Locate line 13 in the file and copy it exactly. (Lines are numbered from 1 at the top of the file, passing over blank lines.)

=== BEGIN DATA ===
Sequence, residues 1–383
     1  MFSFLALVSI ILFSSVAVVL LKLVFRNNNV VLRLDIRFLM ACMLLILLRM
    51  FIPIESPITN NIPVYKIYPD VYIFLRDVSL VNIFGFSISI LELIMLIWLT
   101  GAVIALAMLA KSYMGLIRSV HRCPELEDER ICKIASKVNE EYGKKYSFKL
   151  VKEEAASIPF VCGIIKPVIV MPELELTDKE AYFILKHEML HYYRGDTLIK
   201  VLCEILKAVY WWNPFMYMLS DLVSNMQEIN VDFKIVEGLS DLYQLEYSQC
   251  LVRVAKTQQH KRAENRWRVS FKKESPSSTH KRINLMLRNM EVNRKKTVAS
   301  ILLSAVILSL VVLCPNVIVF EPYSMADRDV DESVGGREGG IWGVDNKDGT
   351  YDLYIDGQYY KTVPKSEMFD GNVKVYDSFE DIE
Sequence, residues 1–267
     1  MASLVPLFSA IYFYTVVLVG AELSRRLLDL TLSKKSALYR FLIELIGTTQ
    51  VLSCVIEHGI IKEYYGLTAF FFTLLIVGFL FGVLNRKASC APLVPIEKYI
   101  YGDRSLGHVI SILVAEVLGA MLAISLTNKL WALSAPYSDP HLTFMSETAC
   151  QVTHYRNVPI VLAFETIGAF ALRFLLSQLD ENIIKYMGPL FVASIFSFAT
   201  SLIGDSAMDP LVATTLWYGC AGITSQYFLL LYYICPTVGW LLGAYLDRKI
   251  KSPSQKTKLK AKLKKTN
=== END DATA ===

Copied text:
   101  YGDRSLGHVI SILVAEVLGA MLAISLTNKL WALSAPYSDP HLTFMSETAC